The most famous last-minute winner in Premier League history is Aguero’s against QPR in 2011/12. QPR won 2-1 with six minutes of added time left to play. Dzeko pulled one back to make it 2-2, and City needed to win to secure their first Premier League title. As time ran out, Sergio Aguero smashed one in the bottom right corner of the goal in the 94th minute to win City the game and beat their rivals Man United to the title.

More recently, the comeback from Spurs in their 2019 Champions League semi-final against Ajax was incredible. They were 3-0 down on aggregate at halftime and needed to score three in the second half to get to their first-ever Champions League final. Lucas Moura scored two goals, and right on the stroke of the 95th minute, he scored a third and sent Spurs to Madrid for the final.


Watching the final minutes of a match can age any football fan 10 years. But who would want to miss those agonising 60 seconds? We all remember that sheer bliss of our team scoring a last-minute winner. Ensure you don’t miss out on the agony or ecstasy by visiting Live Football on TV Guide for full match listings and channel guides.



The Introduction of Extra Time

During the early years of football, a match would be replayed in the event of a draw. However, this was not always possible, especially during cup competitions when time constraints were a significant issue.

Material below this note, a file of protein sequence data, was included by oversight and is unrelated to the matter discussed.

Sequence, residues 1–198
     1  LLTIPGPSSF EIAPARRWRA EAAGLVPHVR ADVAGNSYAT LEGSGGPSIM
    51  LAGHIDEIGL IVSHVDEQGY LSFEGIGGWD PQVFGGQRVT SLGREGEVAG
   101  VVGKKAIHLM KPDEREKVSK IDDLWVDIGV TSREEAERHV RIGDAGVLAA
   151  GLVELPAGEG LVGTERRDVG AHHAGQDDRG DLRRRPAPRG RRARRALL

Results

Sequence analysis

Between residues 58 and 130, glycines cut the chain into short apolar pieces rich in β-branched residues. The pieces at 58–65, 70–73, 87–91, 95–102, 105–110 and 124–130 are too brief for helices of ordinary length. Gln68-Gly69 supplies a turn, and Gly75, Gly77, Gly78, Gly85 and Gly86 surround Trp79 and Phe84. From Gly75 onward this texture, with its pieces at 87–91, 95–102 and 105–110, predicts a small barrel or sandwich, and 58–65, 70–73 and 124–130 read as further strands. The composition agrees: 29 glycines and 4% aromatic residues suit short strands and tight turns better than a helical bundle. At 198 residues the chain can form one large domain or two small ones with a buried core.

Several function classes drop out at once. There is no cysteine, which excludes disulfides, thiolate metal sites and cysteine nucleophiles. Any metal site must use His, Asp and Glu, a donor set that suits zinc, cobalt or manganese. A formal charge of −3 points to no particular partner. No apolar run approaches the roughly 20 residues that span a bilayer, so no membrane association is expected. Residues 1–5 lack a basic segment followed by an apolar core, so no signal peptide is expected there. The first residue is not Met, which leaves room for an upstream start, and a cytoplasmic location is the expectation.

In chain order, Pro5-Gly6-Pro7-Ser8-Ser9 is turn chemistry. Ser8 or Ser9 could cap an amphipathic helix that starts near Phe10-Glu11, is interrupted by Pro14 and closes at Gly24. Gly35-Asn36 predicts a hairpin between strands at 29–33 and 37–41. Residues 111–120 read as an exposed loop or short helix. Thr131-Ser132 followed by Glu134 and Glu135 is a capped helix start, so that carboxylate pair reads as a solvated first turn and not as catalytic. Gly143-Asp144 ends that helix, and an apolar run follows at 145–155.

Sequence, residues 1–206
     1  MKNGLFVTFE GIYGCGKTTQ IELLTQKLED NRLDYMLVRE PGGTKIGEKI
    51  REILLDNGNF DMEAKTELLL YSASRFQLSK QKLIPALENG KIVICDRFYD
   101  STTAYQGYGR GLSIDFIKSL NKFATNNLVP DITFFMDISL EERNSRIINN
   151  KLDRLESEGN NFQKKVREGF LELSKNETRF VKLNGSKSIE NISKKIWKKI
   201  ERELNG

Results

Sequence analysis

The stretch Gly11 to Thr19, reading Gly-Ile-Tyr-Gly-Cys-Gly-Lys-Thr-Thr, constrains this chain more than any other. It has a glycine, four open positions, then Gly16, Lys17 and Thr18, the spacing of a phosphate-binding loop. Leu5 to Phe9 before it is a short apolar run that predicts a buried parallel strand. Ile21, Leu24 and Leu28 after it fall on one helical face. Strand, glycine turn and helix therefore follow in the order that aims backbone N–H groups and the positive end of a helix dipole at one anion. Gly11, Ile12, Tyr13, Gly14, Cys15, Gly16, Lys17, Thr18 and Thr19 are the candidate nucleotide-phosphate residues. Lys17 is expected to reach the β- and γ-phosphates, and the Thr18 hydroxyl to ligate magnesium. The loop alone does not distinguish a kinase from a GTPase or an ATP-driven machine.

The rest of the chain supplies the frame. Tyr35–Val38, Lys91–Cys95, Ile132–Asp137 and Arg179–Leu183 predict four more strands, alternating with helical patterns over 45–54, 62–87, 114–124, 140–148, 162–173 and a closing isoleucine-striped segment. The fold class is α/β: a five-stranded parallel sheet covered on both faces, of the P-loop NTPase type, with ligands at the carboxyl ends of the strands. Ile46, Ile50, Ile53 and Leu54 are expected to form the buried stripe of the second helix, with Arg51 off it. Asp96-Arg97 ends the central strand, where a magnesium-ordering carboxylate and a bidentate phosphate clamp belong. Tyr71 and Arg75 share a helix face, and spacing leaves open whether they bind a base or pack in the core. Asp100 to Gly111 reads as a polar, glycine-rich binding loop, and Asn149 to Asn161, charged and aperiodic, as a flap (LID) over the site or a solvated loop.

In 1875, during the FA Cup Final, an additional 30 minutes were added to the game as the Royal Engineers aimed to win their first-ever cup against the Old Etonians. This marked the first significant game to include extra time in football.

It’s important to note that the additional 30-minute period was not a fixed standard during the early days of extra time. In many matches, teams would continue playing until a goal was scored, leading to some games lasting for several hours.

Extra Time in International Competitions

Extra time has been used in World Cup games since 1934 when Austria beat France with a winning goal in the round of sixteen. In 1998 and 2002, FIFA changed the format of extra time to include the Golden Goal rule. This rule stipulated that the game would be decided by the first team to score a goal during extra time. However, after much debate, this rule was scrapped in 2004.

Extra Time in Modern Football

Today, extra time is an integral part of football and is used in several competitions worldwide. It’s interesting to observe that in both the Copa America and the Copa Libertadores, extra time is only used in the final stage of the competition. This eliminates the possibility of one team having an unfair advantage over another due to having played extra time in a previous round.

In club football, extra time is used in cup competitions such as the English FA Cup, the UEFA Champions League, and the Copa del Rey. In league competitions, such as the MLS, extra time is used in the playoffs to determine a winner.


Extra time has become an integral part of football and is used in several competitions worldwide. The concept of extra time was first introduced in the English FA Cup in 1871, and it has undergone several changes over the years. Today, extra time is played for a maximum of 30 minutes, and if the score is still tied after extra time, the match may be decided by a penalty shootout.